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St. Joseph Mercy Chelsea: COVID-19 Virtual Forum Addresses Community’s Concerns

By Crystal Hayduk

St. Joseph Mercy Chelsea Hospital (SJM-C) hosted a virtual community forum to share the latest information about COVID-19 on April 22.

Jaclyn Klein, marketing manager and host of the meeting, said 95 people attended the forum, which was recorded and is available to watch in its entirety at

Nancy Graebner, SJM-C’s CEO, cautioned listeners that the COVID-19 situation changes rapidly, so information released today could be different than information available tomorrow.


  • County-wide numbers of cases and deaths, as well as other information, are released daily at
  • As of April 23, there were 966 cases of COVID-19 diagnosed in Washtenaw County, with 42 deaths. The county reported 32 diagnosed cases within the 48118 zip code.

Dr. Alon Weizer, chief medical officer, said the number of new cases appears to be plateauing and will hopefully begin a continuous downward trend. “I do feel strongly that a lot of our social distancing policies, masking, hand hygiene — have really paid off for us pretty significantly because we have never outstripped hospital and ventilator capacity in Washtenaw County.”

Joe’s-Chelsea Hospital has an average daily census of nine or 10 patients hospitalized with COVID-19.


At this time, SJM-Chelsea primarily sends COVID-19 tests to Ward Labs, part of the Trinity system, which provides results in about 24 hours. The Abbott rapid (15-minute) test is used at the hospital when the result is needed quickly, such as directly prior to an urgent surgery. Testing is still occurring to determine the rapid test’s level of accuracy at diagnosing true positives and true negatives.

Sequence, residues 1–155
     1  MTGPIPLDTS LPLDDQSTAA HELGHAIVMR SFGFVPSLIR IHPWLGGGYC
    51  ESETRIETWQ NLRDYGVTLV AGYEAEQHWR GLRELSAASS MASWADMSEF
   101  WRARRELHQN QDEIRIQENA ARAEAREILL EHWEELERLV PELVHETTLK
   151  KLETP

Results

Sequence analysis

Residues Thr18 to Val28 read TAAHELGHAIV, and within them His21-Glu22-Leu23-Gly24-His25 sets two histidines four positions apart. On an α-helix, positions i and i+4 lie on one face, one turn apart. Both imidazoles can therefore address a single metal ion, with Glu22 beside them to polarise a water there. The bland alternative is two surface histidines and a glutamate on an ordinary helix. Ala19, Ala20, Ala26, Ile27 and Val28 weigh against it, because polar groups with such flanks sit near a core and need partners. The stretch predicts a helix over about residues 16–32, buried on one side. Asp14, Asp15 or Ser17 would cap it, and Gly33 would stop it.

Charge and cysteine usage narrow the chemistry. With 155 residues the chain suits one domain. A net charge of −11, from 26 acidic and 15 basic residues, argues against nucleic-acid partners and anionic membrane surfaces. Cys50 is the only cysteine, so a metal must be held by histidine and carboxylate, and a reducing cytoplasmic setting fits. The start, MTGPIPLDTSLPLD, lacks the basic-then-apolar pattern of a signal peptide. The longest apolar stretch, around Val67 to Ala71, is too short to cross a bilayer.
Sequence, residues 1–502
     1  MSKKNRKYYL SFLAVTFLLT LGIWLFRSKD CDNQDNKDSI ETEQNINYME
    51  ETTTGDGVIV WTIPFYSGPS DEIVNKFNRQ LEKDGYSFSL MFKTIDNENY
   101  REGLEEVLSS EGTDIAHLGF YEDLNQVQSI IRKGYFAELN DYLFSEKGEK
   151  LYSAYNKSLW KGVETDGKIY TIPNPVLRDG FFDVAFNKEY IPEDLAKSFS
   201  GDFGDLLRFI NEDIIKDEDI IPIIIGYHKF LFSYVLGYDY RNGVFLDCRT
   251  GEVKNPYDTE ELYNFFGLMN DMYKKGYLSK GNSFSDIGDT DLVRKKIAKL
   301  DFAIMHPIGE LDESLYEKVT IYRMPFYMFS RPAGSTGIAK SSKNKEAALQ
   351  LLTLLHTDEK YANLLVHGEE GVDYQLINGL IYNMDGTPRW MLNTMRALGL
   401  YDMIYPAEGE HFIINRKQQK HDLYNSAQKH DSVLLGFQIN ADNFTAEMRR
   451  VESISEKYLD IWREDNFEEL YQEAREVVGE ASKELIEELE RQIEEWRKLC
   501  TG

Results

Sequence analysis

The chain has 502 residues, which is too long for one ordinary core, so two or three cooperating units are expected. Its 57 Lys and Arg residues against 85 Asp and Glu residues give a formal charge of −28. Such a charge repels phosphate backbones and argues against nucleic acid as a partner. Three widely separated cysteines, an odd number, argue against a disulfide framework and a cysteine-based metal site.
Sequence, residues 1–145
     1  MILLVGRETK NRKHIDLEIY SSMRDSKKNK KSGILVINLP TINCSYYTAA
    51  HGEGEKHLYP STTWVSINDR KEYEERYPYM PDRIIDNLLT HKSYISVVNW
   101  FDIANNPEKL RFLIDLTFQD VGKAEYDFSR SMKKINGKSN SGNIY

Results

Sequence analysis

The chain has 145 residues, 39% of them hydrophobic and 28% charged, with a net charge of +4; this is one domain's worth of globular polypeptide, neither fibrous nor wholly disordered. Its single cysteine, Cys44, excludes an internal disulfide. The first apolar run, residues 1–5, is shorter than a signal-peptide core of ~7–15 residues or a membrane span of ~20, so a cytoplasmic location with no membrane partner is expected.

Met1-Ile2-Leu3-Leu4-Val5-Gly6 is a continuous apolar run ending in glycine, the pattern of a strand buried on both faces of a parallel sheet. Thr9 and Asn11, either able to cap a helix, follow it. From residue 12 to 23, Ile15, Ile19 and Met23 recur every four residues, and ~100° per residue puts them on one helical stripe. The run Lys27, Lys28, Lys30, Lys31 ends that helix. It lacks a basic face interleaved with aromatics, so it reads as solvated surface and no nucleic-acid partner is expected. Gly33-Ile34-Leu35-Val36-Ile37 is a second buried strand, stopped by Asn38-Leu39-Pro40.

“I still think our more reliable test is that 24-hour turnaround time that we’re going to continue to lean on and we have good capacity on that,” said Weizer.

What’s next?

Health professionals support a gradual approach to reopening communities for business. However, widespread testing is a critical component to inform the process.

“Michigan has had some of the highest number of cases with the least amount of testing, so we really don’t know what the prevalence is,” said Weizer. “Testing more broadly could be a good indicator for how to relax the restrictions that have been put into place.”

As we step into the “new normal,” continued precautions will help to minimize the spread of COVID-19, even when Stay Home, Stay Safe orders are relaxed. These precautions include social distancing, washing hands, avoiding crowds, disinfecting surfaces, and using masks when in public places. Weizer said that mask use helps remind people not to touch their faces, and it reduces the spread of illness by people who are asymptomatic carriers.

Opening Up America:

Graebner reviewed federal Gating Criteria, which states must meet before beginning phased opening. This includes a 14-day downward trajectory of illnesses with symptoms of influenza and COVID-19.

Once a state meets the criteria, they can begin to reopen in three phases. At each point, the state needs to show that they continue to meet the Gating Criteria.